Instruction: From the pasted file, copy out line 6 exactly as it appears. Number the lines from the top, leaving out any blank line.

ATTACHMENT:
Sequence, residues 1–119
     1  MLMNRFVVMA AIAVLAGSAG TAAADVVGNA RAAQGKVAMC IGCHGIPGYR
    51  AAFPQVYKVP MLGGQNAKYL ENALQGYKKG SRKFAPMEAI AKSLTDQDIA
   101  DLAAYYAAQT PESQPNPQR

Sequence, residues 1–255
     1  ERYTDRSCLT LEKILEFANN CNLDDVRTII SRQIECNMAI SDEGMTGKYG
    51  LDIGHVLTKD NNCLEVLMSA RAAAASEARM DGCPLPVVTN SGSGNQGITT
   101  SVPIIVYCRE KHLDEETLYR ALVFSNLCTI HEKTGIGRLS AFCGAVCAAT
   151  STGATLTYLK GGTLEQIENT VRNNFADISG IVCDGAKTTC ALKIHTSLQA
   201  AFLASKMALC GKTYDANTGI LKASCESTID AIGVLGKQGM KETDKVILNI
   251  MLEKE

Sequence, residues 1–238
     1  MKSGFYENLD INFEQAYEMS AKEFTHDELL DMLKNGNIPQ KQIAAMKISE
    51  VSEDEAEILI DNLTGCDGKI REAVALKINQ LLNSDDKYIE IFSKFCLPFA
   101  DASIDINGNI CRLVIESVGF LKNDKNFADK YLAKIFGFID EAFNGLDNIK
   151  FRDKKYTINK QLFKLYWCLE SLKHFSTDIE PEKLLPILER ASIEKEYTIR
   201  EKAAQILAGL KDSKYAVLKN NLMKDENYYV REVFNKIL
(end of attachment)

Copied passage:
     1  ERYTDRSCLT LEKILEFANN CNLDDVRTII SRQIECNMAI SDEGMTGKYG